Now is the time of year when bookstores have their most-complete selection of new guides, especially the standard series from U.S. publishers that reappear annually. The choice is wide, and it's not always easy to decide which is the best guide for you.

The standards, found in almost any large bookstore, include: Fielding's, Fodor's, Frommer's, Fisher, Birnbaum's and Harvard Student Agencies' "Let's Go."

The series share many characteristics -- all emphasize Europe -- yet they have many differences, too. Two are directed at budget travelers; two others are looking for travelers with fatter wallets; one makes a special appeal to sports- and recreation-minded travelers, and those with special interests; and another tries to provide a bit of everything.

Among them are series to turn to for help in finding places to stay and places to eat; the value of others is in the historical and cultural insights they offer to another city or country.

There's no such thing as a perfect guide. It's wise to consult several to properly prepare yourself for a trip, especially if it's to a foreign destination and if it's your first time there.

There are a number of all-Europe guides on the market. These are handy if you are trying to decide on a country or are planning a 15-nation sweep in two weeks. You don't need much specific information, and you don't get it from these massive volumes.

If you know where you are going, you are better off consulting guides to individual countries, or regions within a country, or to individual cities. The inquiring traveler will go on to find even more specific books on history, art, music, politics.

But you must begin at the beginning, and these six readily available series offer a good start. Each is described below in what can be called a guide to the guides. No attempt has been made to rate them. Volumes within a series can vary in quality depending on the author or authors.

The intent is to help you reach for the right books for upcoming trips.

* LET'S GO: The backpacker's guides to travel on the cheap, the very cheap. They are written and edited by Harvard University students primarily for students on a tight budget.

And how could you doubt it? In the volume on Italy, there is an entry for Venice that points out that the train station floor is a last-resort possibility for a night's sleep when the city is full.

"It's reputedly safe," advises the 1985 edition, "and the cops won't bother you until morning, when they'll kindly wake you up."

An extreme example, perhaps, but you get the idea.

This is the 25th anniversary of the series, which began as a 20-page pamphlet handed out to a few Europe-bound students in 1960. Today, "Let's Go: The Budget Guide to Europe" ($9.95), the largest volume in the series, tops 860 pages and sells 100,000 copies annually.

The books' usefulness, however, is not limited to students. Senior citizens are finding them helpful, as would anybody else watching pennies, or lire, carefully.

The continuing goal of these books is to provide "solid advice on how to eat, sleep and travel cheaply while really seeing the countries you visit." They do quite a good job of it. See FEARLESS, E8, Col. 1 FEARLESS, From E1

Forget luxury or even moderately priced hotels and restaurants. These guides direct you to youth hostels, dorms in colleges and religious institutions that take summer guests, private homes and inexpensive "pensions," or small guest houses.

As for food, they point you to inexpensive neighborhood cafes and cafeterias and also suggest cost-cutting tips for dining. To save money in Paris, for example, the traveler is advised to make a meal of gratine'e, or French onion soup with a bread and cheese crust, "about 20F $2 at any medium-sized cafe."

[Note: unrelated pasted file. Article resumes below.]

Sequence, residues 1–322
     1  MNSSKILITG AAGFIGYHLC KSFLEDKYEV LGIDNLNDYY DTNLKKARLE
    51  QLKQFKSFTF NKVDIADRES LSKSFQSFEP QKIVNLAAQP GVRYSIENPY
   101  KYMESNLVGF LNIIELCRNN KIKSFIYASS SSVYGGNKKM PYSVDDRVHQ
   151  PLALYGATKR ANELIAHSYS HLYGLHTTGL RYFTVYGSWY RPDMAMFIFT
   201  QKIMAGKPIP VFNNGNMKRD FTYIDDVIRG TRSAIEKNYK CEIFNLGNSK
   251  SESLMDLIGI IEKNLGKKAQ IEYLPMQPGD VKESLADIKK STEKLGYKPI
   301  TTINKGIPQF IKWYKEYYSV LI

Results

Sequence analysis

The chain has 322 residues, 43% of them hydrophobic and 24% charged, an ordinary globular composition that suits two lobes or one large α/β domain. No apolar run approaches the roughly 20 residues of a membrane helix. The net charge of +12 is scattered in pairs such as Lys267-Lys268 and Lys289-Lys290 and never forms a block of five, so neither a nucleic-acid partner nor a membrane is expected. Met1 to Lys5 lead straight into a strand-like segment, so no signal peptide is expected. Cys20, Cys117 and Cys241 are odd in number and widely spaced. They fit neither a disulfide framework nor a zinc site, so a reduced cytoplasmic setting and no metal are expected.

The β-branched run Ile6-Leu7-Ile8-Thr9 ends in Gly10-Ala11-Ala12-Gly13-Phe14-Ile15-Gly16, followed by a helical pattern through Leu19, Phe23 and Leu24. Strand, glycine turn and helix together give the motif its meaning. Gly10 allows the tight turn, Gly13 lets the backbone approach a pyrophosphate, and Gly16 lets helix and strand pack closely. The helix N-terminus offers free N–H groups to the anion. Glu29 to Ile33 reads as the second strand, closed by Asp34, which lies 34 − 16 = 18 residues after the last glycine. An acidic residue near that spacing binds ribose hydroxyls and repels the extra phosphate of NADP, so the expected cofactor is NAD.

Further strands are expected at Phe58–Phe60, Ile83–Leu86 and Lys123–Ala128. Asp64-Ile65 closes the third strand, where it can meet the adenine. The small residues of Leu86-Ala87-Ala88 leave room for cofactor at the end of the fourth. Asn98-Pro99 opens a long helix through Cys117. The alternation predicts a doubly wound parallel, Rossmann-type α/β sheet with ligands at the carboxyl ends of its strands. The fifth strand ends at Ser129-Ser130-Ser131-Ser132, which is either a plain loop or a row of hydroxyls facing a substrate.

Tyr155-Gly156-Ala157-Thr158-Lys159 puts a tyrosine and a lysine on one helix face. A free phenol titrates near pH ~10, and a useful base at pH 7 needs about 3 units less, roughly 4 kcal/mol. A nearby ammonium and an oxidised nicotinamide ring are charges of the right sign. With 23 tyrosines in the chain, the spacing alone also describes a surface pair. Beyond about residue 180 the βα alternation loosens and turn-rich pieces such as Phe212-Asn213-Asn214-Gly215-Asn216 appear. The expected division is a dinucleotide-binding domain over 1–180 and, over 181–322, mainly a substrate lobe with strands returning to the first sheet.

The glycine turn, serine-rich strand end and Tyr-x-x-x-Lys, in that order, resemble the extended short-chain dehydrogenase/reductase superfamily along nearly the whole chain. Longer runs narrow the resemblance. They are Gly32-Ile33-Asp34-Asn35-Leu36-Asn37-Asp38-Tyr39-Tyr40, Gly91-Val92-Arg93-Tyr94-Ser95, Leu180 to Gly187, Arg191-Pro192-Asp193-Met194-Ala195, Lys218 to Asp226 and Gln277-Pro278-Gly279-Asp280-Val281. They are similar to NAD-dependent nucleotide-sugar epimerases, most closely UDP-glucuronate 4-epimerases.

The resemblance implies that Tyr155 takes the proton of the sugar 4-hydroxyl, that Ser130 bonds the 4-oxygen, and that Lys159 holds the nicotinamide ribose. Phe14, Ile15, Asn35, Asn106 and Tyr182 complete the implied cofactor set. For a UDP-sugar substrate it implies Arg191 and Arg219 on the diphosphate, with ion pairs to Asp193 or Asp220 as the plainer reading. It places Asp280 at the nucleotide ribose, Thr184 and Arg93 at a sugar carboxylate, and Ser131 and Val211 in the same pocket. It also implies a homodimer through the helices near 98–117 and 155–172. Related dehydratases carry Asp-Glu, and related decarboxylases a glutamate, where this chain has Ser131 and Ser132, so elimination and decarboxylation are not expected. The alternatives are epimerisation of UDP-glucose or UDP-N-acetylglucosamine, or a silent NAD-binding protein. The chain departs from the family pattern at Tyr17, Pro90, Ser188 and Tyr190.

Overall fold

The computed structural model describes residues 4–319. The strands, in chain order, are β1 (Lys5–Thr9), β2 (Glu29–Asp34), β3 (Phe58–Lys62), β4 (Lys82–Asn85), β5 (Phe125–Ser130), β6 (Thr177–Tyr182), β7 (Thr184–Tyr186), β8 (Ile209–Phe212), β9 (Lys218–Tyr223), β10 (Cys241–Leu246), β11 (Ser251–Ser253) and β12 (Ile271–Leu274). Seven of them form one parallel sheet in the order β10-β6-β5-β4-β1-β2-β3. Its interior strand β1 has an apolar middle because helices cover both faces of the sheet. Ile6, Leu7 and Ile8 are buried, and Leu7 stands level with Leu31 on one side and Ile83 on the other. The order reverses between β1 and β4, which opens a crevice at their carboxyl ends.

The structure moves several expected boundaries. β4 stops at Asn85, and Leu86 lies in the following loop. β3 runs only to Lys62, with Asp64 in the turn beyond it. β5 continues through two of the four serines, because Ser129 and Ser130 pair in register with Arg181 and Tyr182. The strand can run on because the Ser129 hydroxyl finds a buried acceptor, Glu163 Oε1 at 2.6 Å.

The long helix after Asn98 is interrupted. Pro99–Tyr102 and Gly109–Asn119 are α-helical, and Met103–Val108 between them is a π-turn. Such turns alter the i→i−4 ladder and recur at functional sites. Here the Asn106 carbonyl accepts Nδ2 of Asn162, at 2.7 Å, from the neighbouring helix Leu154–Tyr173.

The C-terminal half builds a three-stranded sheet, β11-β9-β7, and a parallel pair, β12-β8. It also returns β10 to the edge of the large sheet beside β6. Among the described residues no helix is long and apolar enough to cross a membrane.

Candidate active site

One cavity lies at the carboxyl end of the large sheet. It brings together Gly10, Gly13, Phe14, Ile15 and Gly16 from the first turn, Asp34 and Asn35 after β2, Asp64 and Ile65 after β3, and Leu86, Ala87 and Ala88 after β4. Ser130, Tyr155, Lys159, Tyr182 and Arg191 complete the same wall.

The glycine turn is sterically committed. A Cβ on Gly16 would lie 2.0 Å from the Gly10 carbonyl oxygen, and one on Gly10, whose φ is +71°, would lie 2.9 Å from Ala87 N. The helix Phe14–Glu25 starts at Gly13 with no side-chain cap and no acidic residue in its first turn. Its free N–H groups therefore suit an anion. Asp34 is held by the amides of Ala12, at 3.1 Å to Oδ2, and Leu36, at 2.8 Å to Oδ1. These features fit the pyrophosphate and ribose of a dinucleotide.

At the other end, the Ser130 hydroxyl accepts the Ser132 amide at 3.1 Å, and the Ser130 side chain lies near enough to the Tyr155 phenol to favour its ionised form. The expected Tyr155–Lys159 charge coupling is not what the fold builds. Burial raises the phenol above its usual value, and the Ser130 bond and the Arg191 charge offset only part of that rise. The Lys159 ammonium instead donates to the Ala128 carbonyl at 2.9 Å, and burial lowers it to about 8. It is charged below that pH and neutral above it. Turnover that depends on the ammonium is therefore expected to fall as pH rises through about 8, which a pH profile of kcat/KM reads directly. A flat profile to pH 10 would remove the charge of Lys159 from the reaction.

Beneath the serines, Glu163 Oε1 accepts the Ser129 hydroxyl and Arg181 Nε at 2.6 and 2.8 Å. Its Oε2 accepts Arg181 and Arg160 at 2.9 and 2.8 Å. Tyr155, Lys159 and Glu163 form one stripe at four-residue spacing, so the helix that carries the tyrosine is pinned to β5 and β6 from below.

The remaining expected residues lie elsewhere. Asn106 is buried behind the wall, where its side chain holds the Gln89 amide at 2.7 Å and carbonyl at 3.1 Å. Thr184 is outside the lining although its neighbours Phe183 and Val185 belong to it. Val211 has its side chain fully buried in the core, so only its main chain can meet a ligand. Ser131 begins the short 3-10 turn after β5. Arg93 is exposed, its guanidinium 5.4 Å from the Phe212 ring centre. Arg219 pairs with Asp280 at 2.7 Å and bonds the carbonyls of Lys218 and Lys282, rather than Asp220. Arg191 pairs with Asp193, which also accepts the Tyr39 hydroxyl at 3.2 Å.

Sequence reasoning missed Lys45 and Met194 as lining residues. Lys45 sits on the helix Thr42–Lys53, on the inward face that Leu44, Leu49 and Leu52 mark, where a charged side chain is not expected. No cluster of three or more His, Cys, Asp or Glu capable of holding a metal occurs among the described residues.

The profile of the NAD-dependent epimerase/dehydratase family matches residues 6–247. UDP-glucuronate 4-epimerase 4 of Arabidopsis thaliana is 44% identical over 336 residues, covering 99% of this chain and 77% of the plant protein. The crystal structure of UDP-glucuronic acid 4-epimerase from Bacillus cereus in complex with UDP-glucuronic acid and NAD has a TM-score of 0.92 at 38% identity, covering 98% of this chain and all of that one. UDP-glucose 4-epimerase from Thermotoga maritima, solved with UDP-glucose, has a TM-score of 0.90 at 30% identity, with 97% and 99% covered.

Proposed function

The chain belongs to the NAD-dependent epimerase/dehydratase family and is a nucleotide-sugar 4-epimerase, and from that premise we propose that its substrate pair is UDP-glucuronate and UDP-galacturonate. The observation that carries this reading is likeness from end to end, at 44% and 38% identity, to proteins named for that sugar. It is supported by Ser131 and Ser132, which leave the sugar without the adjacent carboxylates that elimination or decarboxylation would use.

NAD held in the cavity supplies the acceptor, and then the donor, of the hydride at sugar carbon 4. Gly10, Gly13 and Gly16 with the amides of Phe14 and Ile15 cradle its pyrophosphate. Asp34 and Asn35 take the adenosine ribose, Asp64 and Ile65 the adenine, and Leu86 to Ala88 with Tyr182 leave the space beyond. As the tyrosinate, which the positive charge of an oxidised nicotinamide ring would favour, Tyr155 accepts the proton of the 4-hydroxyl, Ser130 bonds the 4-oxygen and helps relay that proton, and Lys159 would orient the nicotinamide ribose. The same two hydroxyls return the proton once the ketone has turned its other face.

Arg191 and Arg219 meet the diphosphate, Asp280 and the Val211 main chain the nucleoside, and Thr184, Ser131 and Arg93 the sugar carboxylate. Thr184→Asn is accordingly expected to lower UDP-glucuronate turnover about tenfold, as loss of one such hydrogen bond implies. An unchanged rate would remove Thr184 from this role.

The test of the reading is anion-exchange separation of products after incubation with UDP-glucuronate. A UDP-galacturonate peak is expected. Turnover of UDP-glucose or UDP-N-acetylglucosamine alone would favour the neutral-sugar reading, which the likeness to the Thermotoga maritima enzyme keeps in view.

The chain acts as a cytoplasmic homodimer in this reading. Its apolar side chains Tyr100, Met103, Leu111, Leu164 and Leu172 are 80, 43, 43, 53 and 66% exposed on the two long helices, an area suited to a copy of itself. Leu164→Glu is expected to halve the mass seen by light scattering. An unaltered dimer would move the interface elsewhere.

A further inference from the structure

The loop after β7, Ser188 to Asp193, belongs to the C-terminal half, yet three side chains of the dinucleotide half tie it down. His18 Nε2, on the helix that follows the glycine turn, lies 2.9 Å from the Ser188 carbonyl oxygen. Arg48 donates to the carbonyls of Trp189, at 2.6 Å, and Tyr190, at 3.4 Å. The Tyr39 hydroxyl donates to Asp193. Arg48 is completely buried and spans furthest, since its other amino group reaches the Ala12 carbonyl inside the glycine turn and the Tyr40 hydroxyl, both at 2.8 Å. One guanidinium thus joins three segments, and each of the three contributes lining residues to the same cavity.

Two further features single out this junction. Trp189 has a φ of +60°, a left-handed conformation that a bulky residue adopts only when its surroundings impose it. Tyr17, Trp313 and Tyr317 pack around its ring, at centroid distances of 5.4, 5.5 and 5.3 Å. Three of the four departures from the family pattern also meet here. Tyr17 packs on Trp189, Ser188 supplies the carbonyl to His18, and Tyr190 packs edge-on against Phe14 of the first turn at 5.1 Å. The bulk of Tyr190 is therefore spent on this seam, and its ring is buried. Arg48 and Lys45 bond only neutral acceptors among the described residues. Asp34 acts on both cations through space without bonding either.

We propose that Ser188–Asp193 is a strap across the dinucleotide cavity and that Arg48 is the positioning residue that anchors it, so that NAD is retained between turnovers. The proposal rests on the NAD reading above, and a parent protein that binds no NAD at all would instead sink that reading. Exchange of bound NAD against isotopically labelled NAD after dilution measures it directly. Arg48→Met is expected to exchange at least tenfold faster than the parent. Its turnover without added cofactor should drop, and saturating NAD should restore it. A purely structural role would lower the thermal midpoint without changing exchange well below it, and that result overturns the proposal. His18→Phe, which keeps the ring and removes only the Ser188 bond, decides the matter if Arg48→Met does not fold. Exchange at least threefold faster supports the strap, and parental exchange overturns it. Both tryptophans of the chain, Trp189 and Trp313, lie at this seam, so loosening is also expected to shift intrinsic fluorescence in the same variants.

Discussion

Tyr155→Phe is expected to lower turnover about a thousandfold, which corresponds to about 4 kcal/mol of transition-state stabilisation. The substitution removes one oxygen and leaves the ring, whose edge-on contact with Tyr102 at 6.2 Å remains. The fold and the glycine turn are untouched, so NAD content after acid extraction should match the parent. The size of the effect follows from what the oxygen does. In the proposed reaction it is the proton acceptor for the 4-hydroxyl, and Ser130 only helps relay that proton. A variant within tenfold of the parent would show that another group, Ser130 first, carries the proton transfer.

The emphasis is on the practical, how-to-cope type of advice: where it's safe to hitchhike; what student identification to carry for discounts; how to keep in touch with home. There's even a courage-boosting section on the rewards of traveling alone.

The basic volume is "Let's Go: Europe," which treats 33 countries, including -- and this is unusual for the standard guides to Europe -- the nations of East Europe and North Africa. Additionally, it and the other volumes in the series provide details on travel in the countryside as well as the major cities.

Also in the series: Britain; France; Italy and Tunisia; Greece, Cyprus and the Turkish Coast; Israel, Egypt and Jordan; Spain, Portugal and Morocco; California and the Pacific Northwest; the United States; and Mexico.

How do the authors find the bargains? "Our researchers," say the editors, "travel on budgets as limited as your own."

* FROMMER'S: Twenty-eight years ago, this popular series began with "Europe on $5 a Day." The daily rate has climbed, but not as much as you might expect. Author and publisher Arthur Frommer claims you can still tour "Europe on $25 a Day," the title of the 1985 edition ($10.95) of the original book.

The Frommer dollar-a-day guides also form a series devoted to budget travel -- focusing, too, on lodging and meals, but at a somewhat higher quality than found in the "Let's Go" guides. You move on to these books for a place to stay when dorm rooms no longer are a necessity.

The recommendations offered, says Frommer, "are designed for normal vacation living: tasty and filling restaurant meals, clean and comfortable hotel beds."

What you don't get for bargain prices, and Frommer states this emphatically, are private bathrooms. "Baths cost money," he writes, and anyway: "Insistence on a private bath will often make it impossible for you to stay in some of Europe's most delightful, and least expensive, budget lodgings . . . "

The rate of $25 he establishes is for "basic living costs": $12 to $14 per person for a double occupancy room; $2 for breakfast; $3.50 for lunch and $4 or $5 for dinner. Transportation, sightseeing and entertainment costs are extra.

The strength of the dollar-a-day guides is their listing of budget hotels and restaurants in 21 major cities of Europe, grouped sometimes according to price (Amsterdam) and sometimes according to location (London). They tend to be decent, unpretentious places that may do without a large lobby, coffee shop, room service and bellhops. Sometimes they occupy an upper floor of an office building.

He also offers a few "starvation budget" suggestions, and places for the "big splurge."

Typical of the lower-priced entries is the Pensione Sally, near the cathedral in the heart of old Florence. A double with breakfast is listed at$ 22: " . . . the situation of their hotel is magnificent, just a few feet from the Duomo. Stairs only; a fairly forbidding exterior; but large rooms."